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First Ever Fully-Preserved Adult Cave Bear Found Frozen in Siberia

Move over, woolly mammoths – there’s another creature that may join you in the Ancient Animals Cloned From Frozen DNA Theme Park. Researchers in Siberia have confirmed that a frozen creature found poking out of the melting permafrost on Bolshoy Lyakhovsky Island is an adult cave bear that once roamed the area between 22,000 and 39,500 years ago. This is the first frozen adult cave bear ever found and it’s a big deal.

“It is completely preserved, with all internal organs in place including even its nose. Previously, only skulls and bones were found. This find is of great importance for the whole world.”

Scientist Lena Grigorieva, one of Russia’s leading experts on extinct Ice Age species, would like to take credit for discovering the cave bear (Ursus spelaeus) but she admits to The Siberian Times that the frozen carcass was found by reindeer herders on the largest of the Lyakhovsky Islands, part of the New Siberian Islands archipelago between the Laptev Sea and the East Siberian Sea in northern Russia. Fortunately, the herders contacted them immediately and the cave bear was removed intact so it can be fully studied. (Photos here.)

“A scientific programme for its comprehensive study will be prepared. We will have to study the carcass of a bear using all modern scientific research methods – molecular genetic, cellular, microbiological and others. The research is planned on as large a scale as in the study of the famous Malolyakhovsky mammoth.”

Grigorieva will lead a team of researchers at the International Centre for Collective Use of Molecular Paleontology at the North-Eastern Federal University (NEFU) Institute of Applied Ecology of the North in Yakutsk and compares this to the discovery in 2013 of a frozen mammoth on Malolyakhovsky – the second-largest of the Lyakhovsky Islands – which was oozing mammoth blood.

Brown bear

But wait … there’s more.

“Separately at least one preserved carcass of a cave bear cub found on the mainland of Yakutia, with scientists hopeful of obtaining its DNA.”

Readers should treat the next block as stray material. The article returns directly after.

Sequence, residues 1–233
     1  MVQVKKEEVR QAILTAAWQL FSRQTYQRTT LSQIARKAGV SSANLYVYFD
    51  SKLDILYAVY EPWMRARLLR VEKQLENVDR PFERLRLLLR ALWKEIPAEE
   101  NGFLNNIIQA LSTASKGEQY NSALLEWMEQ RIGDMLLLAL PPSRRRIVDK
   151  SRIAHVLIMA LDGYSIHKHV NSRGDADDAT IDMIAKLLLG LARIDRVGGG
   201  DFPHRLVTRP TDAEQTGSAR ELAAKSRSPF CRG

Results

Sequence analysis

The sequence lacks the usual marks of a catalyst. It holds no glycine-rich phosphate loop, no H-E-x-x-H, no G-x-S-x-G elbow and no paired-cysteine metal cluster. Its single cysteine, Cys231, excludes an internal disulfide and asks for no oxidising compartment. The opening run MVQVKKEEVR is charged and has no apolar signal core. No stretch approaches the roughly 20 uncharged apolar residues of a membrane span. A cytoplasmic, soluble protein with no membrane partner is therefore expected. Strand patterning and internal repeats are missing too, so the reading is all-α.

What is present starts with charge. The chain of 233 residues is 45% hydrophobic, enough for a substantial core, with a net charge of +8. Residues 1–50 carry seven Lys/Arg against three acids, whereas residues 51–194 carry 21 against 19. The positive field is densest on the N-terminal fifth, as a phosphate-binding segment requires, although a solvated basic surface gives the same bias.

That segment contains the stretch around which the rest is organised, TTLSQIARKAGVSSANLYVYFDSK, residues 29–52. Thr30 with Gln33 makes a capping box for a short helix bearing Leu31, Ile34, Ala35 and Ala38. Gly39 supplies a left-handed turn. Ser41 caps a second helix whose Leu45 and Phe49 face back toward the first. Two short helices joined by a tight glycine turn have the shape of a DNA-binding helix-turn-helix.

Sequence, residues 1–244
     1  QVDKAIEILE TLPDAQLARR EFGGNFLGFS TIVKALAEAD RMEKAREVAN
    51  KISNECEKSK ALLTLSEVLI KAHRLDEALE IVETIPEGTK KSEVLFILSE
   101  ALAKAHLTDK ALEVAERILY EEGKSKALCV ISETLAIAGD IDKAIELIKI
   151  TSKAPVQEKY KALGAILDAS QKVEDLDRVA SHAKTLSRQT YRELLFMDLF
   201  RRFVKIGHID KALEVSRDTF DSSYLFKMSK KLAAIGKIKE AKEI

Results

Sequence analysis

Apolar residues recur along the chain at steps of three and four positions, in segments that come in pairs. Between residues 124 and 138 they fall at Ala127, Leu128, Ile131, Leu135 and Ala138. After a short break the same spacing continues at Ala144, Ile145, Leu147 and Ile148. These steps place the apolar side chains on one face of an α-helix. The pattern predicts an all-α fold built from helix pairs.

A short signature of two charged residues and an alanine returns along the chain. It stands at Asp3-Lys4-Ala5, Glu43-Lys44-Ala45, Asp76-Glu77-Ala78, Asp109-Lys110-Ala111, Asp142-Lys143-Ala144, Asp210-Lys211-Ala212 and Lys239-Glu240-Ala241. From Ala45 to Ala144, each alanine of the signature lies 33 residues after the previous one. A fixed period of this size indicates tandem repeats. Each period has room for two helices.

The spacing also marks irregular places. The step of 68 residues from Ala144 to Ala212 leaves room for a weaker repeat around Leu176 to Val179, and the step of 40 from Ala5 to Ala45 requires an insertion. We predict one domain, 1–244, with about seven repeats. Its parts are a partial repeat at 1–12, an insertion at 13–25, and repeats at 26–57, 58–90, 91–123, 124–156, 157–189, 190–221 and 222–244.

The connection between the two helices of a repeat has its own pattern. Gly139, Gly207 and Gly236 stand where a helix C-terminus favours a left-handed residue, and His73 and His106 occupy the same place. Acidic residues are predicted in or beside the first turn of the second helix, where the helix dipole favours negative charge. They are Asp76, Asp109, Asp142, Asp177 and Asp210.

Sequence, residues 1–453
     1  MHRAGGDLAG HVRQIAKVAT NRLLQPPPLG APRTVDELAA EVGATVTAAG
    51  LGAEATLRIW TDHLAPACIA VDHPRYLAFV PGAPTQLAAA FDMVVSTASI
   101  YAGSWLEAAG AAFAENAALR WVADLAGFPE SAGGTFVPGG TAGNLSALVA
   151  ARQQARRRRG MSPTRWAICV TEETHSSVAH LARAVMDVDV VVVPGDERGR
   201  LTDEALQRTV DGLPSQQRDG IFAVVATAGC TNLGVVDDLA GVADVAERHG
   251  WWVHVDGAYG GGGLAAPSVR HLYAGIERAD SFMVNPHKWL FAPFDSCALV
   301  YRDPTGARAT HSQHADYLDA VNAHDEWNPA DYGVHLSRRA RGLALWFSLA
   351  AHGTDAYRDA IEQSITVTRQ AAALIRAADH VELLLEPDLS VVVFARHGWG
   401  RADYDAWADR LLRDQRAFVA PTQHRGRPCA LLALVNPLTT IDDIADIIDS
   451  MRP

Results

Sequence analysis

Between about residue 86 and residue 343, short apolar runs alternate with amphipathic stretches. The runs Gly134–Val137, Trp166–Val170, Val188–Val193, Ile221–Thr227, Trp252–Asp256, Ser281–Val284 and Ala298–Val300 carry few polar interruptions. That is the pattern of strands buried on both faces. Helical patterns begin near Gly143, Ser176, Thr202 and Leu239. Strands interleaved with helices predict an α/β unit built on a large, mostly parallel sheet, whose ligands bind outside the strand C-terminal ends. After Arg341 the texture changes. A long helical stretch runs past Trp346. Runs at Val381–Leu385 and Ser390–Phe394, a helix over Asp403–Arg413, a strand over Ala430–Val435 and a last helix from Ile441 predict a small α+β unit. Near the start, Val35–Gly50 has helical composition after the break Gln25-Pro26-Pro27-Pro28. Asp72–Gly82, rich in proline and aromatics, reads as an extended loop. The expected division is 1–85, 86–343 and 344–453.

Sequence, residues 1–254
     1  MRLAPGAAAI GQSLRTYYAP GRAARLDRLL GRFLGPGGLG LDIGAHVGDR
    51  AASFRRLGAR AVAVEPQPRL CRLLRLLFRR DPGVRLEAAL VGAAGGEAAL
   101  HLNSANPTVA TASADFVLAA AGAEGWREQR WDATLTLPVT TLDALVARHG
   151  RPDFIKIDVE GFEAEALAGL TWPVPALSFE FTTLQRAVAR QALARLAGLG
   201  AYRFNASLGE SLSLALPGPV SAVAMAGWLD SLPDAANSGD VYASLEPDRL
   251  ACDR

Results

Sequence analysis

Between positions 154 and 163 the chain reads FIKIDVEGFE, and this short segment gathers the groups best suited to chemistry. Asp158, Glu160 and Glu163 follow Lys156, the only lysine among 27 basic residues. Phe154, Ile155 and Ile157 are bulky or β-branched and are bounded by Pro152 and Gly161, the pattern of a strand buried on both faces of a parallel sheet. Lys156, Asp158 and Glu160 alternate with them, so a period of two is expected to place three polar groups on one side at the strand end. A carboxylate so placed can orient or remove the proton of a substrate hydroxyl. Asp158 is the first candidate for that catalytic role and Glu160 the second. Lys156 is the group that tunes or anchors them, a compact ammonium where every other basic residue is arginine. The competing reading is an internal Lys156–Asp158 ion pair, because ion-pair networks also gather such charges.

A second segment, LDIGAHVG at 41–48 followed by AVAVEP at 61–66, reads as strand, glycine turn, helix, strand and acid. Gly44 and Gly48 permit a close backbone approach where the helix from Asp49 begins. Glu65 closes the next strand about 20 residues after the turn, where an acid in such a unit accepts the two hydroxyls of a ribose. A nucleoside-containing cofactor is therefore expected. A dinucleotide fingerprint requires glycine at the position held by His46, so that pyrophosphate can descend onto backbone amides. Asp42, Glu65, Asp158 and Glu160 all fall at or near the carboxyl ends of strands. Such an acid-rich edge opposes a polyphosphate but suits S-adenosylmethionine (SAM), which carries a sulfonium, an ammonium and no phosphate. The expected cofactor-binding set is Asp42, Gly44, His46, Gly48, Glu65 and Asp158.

It will be a cave bear-palooza at NEFU as the researchers will also examine a fully preserved cave bear cub found at about the same time in nearby Yakutia. For those who know nothing more of the Ursus spelaeus than what they learned from “The Clan of the Cave Bear” series by Jane M. Auel or the movie of the same name (starring Daryl Hannah – now do you remember it?), Cave bears roamed Europe and Asia after breaking off from brown bears about 1.2 million years ago. Standing 3.5 meters (11.50 ft) tall, they were similar in size to the largest modern-day bears. However, their specialized diet and limited northern territory led to their extinction due to climate change (not human hunting, although they co-existed for a time in Siberia), which occurred as recently as 12,000 years ago.

Hopefully, these new finds will give us a better picture of the lives of cave bears, along with insights on how we can survive climate change where they didn’t. Of course, someone is sure to take some of that DNA and try to bring it back, especially with so many related species to use as incubators.

Will it happen soon enough for the 84-year-old Jean M. Auel to write one more sequel?

 

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Paul Seaburn is the editor at Mysterious Universe and its most prolific writer. He’s written for TV shows such as "The Tonight Show", "Politically Incorrect" and an award-winning children’s program. He's been published in “The New York Times" and "Huffington Post” and has co-authored numerous collections of trivia, puzzles and humor. His “What in the World!” podcast is a fun look at the latest weird and paranormal news, strange sports stories and odd trivia. Paul likes to add a bit of humor to each MU post he crafts. After all, the mysterious doesn't always have to be serious.
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